Mr. Tarkoff currently serves as Adobe’s Senior Vice President of Business Productivity Solutions.  Mr. Tarkoff joined Adobe in April 2007 as Senior Vice President of Corporate Development.  Prior to joining Adobe, Mr. Tarkoff was Senior Vice President and General Manager of the Captiva Software Division and Senior Vice President of Business Development and Channels for the Software Group of EMC Corporation, a products, services and solutions provider for information management and storage, from December 2003 to April 2007.  Previously, Mr. Tarkoff was Executive Vice President and Chief Strategy Officer for Documentum, Inc., an enterprise content management company and Senior Vice President of Worldwide Business Development at Commerce One, a provider of business-to-business e-commerce solutions.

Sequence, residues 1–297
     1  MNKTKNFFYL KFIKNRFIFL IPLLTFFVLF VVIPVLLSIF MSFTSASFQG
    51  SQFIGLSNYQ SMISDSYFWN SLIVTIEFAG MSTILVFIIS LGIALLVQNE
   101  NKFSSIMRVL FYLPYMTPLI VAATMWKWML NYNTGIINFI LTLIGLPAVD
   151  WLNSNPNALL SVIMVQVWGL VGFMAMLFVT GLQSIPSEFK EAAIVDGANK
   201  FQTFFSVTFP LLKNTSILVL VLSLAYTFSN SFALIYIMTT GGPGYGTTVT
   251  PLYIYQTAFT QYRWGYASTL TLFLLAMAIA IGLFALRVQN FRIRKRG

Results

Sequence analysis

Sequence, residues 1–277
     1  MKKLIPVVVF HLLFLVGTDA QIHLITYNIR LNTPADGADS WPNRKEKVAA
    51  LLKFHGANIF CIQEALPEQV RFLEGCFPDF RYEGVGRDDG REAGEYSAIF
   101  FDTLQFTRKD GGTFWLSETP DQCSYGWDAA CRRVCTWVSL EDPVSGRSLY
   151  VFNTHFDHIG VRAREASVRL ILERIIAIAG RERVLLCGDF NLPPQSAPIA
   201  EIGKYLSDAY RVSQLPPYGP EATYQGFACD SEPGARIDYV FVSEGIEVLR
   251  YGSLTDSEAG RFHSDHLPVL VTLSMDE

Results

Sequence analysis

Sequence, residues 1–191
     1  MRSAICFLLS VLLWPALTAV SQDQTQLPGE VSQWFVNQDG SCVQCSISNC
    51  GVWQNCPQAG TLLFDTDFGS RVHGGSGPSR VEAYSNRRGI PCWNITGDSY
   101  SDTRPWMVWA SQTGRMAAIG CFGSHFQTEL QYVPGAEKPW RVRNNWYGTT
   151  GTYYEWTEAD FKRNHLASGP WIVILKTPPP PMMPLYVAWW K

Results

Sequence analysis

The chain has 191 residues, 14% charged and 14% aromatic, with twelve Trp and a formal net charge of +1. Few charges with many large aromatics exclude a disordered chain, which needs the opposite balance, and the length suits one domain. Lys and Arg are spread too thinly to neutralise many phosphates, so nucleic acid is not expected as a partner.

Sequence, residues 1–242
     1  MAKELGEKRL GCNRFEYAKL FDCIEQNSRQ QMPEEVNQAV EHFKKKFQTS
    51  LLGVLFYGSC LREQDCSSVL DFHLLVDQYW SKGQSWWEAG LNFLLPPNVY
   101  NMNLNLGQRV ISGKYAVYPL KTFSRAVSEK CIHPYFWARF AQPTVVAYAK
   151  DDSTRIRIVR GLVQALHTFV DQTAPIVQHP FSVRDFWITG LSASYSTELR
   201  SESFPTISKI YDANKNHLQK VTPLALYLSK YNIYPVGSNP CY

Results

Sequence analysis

Mr. Thompson joined Adobe in January 2006 as Senior Vice President, Worldwide Field Operations. Prior to joining Adobe, Mr. Thompson served as Senior Vice President of Worldwide Sales at Borland Software Corporation, a software delivery optimization solutions provider, from October 2003 to December 2006. Prior to joining Borland, Mr. Thompson was Vice President of Worldwide Sales and Field Operations for Marimba, Inc., a provider of products and services for software change and configuration management, from February 2001 to January 2003. From July 2000 to January 2001, Mr. Thompson was Vice President of Worldwide Sales for Calico Commerce, Inc., a provider of eBusiness applications. Prior to joining Calico, Mr. Thompson spent six years at Cadence Design Systems, Inc., a provider of electronics design technologies. While at Cadence, from January 1998 to June 2000, Mr. Thompson served as Senior Vice President, Worldwide Sales and Field Operations and from April 1994 to January 1998 as Vice President, Worldwide Professional Services.